submodule to include that submodule commit.

> When the work is completed, users should be able to have a clean, obvious
> workflow when using best practices:
> To download the code, they should be able to run simply git clone
> to download the project and all its submodules;
> if partial clone is configured, they should receive only the objects allowed by
> the filter in their superproject as well as in each submodule.
> To begin working on a feature, from the superproject they can 'git switch -c
> feature', and since the new branch is being created, a new branch 'feature' will
> be created for each submodule, pointing to the submodule's current 'HEAD'. They
> can move to a submodule directory and begin to make changes, and when they
> commit these changes normally with 'git commit' from the submodule directory,
> running git status in the superproject will reflect that a submodule has
> changed. Next, they can switch to a second submodule, making and committing more
> changes.
> When they are ready to send these changes which are ready for review but need to
> be linked together, they can switch back to the superproject, where 'git status'
> indicates that there are changes in both submodules. They can commit these
> changes to the superproject and use 'git push' to send a review; Git will
> recurse into affected submodules and push those submodule commits appropriately
> as well.
> While the user is waiting for feedback on their review, to work on their next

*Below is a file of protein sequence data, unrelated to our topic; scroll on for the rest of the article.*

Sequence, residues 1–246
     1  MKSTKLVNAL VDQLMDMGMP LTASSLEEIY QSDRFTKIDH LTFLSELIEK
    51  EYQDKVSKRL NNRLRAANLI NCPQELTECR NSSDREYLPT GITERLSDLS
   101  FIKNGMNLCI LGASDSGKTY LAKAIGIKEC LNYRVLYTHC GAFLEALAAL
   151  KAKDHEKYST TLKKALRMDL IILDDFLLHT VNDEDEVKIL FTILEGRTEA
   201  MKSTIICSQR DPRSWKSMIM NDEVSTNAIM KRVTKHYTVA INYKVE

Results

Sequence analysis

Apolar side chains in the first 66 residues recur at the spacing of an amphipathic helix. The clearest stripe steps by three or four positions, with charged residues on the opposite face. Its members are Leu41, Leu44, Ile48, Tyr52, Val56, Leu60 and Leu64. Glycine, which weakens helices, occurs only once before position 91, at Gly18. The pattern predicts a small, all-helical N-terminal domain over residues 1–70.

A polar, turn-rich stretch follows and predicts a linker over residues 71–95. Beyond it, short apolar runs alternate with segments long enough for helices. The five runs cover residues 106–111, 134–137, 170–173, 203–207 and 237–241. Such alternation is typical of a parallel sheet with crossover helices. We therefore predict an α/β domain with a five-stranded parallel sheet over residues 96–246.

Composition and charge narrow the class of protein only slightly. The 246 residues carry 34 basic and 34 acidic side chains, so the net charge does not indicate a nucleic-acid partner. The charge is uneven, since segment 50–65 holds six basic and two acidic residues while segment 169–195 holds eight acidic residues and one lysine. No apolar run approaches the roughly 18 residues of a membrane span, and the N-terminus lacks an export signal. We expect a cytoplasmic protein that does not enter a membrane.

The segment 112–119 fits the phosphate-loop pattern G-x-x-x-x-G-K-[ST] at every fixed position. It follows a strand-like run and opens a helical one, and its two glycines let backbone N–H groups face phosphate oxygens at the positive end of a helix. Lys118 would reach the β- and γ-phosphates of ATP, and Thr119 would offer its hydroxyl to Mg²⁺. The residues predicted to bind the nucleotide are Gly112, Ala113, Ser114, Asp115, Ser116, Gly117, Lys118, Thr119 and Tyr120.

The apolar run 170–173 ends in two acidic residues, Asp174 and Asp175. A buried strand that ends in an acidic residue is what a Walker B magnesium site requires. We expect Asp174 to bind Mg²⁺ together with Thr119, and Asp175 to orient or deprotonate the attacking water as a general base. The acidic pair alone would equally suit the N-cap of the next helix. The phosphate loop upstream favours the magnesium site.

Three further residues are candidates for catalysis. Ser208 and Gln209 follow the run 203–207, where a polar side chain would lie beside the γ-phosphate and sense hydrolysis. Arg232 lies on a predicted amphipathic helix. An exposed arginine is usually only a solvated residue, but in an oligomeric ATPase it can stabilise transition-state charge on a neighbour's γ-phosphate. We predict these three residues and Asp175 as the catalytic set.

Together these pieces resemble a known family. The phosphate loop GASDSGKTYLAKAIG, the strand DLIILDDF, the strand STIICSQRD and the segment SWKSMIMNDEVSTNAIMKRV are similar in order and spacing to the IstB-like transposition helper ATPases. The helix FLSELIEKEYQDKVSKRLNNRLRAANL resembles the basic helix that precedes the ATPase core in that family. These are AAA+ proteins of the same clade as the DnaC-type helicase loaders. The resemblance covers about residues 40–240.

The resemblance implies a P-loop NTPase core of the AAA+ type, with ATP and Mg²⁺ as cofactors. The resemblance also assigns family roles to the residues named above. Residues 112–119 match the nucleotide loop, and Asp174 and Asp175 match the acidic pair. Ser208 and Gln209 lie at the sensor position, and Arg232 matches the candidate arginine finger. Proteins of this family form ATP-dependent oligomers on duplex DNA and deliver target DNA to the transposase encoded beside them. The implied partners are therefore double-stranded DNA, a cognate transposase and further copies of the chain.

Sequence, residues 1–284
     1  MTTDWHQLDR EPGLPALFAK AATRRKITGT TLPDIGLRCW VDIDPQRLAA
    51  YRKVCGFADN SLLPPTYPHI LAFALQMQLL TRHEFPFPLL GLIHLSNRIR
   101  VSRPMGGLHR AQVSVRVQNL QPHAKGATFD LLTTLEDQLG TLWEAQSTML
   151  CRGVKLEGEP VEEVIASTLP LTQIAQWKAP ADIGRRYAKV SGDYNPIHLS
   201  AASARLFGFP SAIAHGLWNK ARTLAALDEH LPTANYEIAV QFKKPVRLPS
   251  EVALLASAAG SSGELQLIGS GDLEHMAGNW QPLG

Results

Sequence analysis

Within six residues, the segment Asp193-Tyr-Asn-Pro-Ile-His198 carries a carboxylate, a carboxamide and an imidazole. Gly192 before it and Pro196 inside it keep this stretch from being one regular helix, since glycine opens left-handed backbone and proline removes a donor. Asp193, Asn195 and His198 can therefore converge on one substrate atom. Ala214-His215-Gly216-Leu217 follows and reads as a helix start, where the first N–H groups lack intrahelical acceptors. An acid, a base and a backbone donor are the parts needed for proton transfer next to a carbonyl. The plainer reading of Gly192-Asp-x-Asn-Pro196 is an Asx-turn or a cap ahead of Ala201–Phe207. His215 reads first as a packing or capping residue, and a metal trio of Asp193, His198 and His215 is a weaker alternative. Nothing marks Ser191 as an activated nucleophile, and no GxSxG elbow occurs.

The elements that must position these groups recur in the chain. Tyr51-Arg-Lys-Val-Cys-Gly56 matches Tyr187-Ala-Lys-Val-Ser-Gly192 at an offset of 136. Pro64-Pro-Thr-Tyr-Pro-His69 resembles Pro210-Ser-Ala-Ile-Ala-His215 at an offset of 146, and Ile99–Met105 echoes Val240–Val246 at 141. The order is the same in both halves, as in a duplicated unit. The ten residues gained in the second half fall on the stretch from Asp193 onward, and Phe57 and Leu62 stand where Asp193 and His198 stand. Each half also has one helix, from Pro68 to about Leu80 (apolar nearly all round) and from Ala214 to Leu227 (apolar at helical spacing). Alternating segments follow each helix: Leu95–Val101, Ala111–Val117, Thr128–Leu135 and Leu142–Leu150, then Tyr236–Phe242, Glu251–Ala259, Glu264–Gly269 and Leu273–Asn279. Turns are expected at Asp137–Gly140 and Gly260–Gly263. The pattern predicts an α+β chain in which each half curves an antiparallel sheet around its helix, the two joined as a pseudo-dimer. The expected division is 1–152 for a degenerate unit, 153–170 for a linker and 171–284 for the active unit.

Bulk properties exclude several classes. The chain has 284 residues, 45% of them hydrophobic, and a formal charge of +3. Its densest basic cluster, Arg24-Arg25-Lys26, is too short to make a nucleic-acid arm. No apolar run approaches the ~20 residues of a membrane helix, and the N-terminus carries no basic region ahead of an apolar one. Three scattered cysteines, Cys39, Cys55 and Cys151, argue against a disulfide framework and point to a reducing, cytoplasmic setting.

> task, they can 'git switch other-feature', which will checkout the branches
> specified in the superproject commit at the tip of 'other-feature'; now the user
> can continue working as before.
> When it's time to update their local repo, the user can do so as with a
> single-repo project. First they can 'git checkout main && git pull' (or 'git
> pull -r'); Git will first checkout the branches associated with main in each
> submodule, then fetch and merge/rebase in each submodule appropriately. Finally,
> they can 'git switch feature && git rebase', at which time Git will recursively
> checkout the branches associated with 'feature' in each submodule and rebase
> each submodule appropriately.

  parent reply	other threads:[~2021-04-19 19:15 UTC|newest]

Thread overview: 18+ messages / expand[flat|nested]  mbox.gz  Atom feed  top
2021-04-16 23:36 RFC/Discussion - Submodule UX Improvements Emily Shaffer
2021-04-18  5:22 ` Christian Couder
2021-04-20 23:10   ` Emily Shaffer
2021-04-19  3:20 ` Philippe Blain
2021-04-20 23:03   ` Emily Shaffer
2021-04-20 23:30     ` Junio C Hamano
2021-04-21  2:27     ` Philippe Blain
2021-04-19 12:56 ` Randall S. Becker
2021-04-19 12:56 ` Aaron Schrab
2021-04-20 18:49   ` Emily Shaffer
2021-04-20 19:29     ` Randall S. Becker
2021-04-19 19:14 ` Jacob Keller [this message]
2021-04-19 19:28   ` Randall S. Becker
2021-04-20 16:18     ` Jacob Keller
2021-04-20 18:47       ` Emily Shaffer
2021-04-20 19:38         ` Randall S. Becker
2021-04-21  6:57         ` Jacob Keller
2021-04-22 15:32 ` Jacob Keller